T Nation

"Pulse Feast" For Busy Lifestyle?


#1

Alright so a little about me… consider myself an advanced athlete. 5ft 11in… 220lbs and 9-10% bf. I have been shredded, I have been massive. I am changing gears and starting medical school this Summer. I am wanting to bring mass down to about 200lbs, probably have to sacrifice some muscle to do so. This is about making a lifestyle change for me.

Goal is to sit effortlessly at 200-207 lean and athletic looking all year, more NORMAL. Think greg plitt look… I get a lot of people commenting on my overall mass and how it might nit appeal as a professional doctor. I get it. Need to have my priorities straight and think I can still look better than 99% of population at a slightly lower mass. Want a look that is more appealing to the general public.

I have always been a follower of intermittent fasting. Usually 16hr fast and 8hr eating window. However, my schedule is about to get significantly busier and I want to find a way to keep lean and healthy while also enjoying life. This will result from training changes as well as nutrition approach… I need some advice on if what I have planned will work and be sustainable for years to come.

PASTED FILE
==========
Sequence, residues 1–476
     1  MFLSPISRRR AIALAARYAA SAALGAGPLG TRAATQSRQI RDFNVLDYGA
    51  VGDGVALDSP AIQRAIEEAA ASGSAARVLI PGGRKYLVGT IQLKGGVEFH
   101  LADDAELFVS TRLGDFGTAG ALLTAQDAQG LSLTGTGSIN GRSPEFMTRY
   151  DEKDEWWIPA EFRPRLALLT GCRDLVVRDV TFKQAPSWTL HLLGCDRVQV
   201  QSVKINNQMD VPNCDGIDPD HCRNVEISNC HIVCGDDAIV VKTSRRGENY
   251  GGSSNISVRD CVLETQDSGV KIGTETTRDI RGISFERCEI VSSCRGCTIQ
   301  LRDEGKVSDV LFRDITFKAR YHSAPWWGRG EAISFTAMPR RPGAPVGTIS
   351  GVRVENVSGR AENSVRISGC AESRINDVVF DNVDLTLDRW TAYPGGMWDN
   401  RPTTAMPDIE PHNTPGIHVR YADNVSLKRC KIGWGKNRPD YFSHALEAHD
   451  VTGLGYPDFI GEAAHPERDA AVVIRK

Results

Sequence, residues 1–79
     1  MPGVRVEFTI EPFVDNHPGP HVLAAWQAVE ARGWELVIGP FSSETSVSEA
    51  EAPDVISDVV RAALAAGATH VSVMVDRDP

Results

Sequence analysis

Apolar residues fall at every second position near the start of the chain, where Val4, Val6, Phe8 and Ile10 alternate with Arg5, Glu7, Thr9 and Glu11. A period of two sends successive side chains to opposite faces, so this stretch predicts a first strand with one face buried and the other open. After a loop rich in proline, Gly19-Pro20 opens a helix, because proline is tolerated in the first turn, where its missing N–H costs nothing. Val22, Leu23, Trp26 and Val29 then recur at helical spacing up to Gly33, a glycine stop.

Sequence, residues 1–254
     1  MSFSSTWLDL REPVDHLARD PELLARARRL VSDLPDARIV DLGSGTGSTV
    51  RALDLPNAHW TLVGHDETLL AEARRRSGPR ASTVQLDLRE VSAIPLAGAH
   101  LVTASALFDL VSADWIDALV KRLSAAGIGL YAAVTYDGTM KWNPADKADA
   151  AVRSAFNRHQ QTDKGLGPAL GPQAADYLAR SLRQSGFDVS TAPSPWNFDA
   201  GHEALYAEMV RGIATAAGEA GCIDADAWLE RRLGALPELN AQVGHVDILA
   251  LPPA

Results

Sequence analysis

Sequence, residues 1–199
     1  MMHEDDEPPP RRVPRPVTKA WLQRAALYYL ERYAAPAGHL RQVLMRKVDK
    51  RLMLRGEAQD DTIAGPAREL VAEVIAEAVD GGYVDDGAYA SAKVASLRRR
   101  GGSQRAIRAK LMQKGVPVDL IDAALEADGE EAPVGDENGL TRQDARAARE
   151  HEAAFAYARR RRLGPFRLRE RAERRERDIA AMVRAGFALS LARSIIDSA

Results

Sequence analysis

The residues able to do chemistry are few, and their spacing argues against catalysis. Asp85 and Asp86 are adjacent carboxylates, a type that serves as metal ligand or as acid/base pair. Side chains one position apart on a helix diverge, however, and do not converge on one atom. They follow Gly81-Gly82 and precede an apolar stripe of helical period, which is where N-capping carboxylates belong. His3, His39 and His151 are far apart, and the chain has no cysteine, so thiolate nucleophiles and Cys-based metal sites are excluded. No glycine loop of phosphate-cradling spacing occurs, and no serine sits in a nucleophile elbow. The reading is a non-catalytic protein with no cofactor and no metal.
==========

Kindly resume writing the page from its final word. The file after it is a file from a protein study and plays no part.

Typical day for me will be:

4am: up, stretch, meditate.
5am: Gym (Weights 3x a week; Cardio on off days)
8am-4pm: Lecture/lab
5pm: home
6-9pm: Study
10pm: Bed

Now on to my plan training wise and nutritionally:

TRAINING:
Full Body 3x a week. Based around compound movements (Squat, Dead, Presses; added in hypertrophy work as needed), followed by some HIIT Tabata or similar with bike or sleds, etc.

Off days: LISS cardio

NUTRITION:
What I want to do is follow a modified version of pulse feast. I simply want to maintain the muscle I have put on. I have ZERO desire to add any mass. Simply maintain a lean, athletic looking, physique with the muscle I have or even slightly less if needed.

SO…

BCAA’s during day…

Home at 6pm and have my feast following guidelines CT lays out:

To “maintain”… here about 80% of year to keep a good look: